The immediate need for cryptocurrency regulations can be felt in the industry especially after Ripple executive chairman Chris Larsen recently revealed that the lack of regulatory clarity is forcing blockchain giant Ripple to shut down shop in the United States.
Further discussing the crypto and blockchain scene in the US, Dr. Heath Tarbert, chairman of the Commodity Futures Trading Commission (CFTC), spoke with Anthony Pompliano at the LA Blockchain Summit, discussing the regulatory landscape of the industry.
Tarbert took over the office from former chairman Christopher Giancarlo, who has often been referred to as the Crypto Dad. Like Giancarlo, Tarbert is also open-minded about cryptocurrencies and blockchain and has been supportive of these techs so far.
When asked about what role he expects the US to play in terms of technological innovation, which includes the central bank digital currencies (CBDC) as well, Taberth said:
“I want to see the United States lead in blockchain technology. For me, it’s not necessarily something that the government needs to be involved with directly. But there could be benefits to that as well. But I really want to see the US continue to support innovation in this space. Because I do see other countries coming in and starting to potentially take the lead.”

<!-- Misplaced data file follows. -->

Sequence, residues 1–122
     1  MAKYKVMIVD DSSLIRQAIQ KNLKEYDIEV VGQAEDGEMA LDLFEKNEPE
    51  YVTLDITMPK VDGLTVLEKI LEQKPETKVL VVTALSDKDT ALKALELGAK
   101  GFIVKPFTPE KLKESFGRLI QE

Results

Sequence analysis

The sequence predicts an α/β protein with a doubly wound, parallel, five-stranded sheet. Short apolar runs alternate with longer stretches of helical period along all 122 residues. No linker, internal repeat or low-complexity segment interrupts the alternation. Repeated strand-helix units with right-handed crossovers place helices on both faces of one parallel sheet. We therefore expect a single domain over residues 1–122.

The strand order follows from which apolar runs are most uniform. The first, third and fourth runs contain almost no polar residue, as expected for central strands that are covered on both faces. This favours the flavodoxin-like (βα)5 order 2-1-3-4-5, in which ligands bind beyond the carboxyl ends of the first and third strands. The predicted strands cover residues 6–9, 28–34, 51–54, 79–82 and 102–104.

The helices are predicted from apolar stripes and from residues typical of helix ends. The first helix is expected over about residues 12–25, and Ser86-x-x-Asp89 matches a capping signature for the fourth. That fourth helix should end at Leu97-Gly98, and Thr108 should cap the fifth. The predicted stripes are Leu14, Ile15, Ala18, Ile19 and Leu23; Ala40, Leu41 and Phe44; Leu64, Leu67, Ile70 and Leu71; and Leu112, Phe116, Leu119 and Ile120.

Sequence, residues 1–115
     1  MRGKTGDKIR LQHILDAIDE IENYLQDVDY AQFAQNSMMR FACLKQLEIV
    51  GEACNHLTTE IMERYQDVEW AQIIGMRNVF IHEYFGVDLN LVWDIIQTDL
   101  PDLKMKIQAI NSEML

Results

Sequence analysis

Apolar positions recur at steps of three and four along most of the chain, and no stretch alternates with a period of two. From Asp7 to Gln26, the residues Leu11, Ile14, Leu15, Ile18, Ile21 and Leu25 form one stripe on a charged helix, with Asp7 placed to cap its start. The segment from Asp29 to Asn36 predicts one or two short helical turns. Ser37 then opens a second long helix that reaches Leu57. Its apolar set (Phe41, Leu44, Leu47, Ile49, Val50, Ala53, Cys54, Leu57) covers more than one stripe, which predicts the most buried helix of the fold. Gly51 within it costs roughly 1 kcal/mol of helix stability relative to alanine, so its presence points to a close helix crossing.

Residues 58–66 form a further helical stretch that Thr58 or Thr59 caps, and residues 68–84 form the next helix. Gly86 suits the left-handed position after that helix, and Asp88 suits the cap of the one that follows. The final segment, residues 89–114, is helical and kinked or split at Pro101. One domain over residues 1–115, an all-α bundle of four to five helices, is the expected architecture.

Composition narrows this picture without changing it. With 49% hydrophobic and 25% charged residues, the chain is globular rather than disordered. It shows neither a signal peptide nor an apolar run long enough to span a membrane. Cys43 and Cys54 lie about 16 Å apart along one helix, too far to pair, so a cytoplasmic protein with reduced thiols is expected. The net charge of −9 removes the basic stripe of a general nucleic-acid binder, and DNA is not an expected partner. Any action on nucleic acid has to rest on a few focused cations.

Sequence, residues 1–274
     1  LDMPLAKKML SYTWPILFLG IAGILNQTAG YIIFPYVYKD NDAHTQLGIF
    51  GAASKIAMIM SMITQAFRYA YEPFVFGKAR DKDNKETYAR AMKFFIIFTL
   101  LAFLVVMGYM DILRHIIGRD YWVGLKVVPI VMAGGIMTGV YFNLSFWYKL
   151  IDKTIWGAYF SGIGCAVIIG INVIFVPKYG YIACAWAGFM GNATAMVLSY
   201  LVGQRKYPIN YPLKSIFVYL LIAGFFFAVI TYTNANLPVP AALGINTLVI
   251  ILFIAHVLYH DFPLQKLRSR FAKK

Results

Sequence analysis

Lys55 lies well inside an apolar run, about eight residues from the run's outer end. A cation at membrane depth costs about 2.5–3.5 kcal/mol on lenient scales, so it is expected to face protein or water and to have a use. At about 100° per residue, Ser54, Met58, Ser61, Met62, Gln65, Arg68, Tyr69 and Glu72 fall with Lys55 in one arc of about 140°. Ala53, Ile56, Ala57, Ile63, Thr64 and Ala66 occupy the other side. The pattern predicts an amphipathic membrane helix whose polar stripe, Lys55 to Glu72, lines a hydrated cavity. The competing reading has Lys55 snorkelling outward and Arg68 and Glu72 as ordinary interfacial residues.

Tarbert expects the US to be at the forefront when it comes to these next-gen technologies, and he would also like to the US dollar to maintain its position as the world’s reserve currency.
However, he stated that when it comes to the developing payments landscape, the US hasn’t kept up with the rest of the world. He believes something needs to be done to address this.
Are Cryptocurrencies Securities?
Talking about the long going debate about whether cryptocurrencies should be categorized as securities or commodities, he maintained a kind of neutral stance on the matter.
“And the first threshold is, is it a security or is it a commodity? Very different. They’re two divergent paths in the road. One leads to the SEC and a very different type of regulation. The other, if it’s a commodity, leads into our space, which is a more principled-based approach and I think in some cases is favored by many people in the crypto community.”
He agreed that the industry needs greater regulatory clarity to further promote the development and adoption of these next-gen technologies. He believes that if a regulation is in place, it could be a game-changer on many different levels.
As of now, it is unclear when regulators in the US would address these issues. However, Chairman Tabert seems to be on the good side for the crypto and blockchain industry.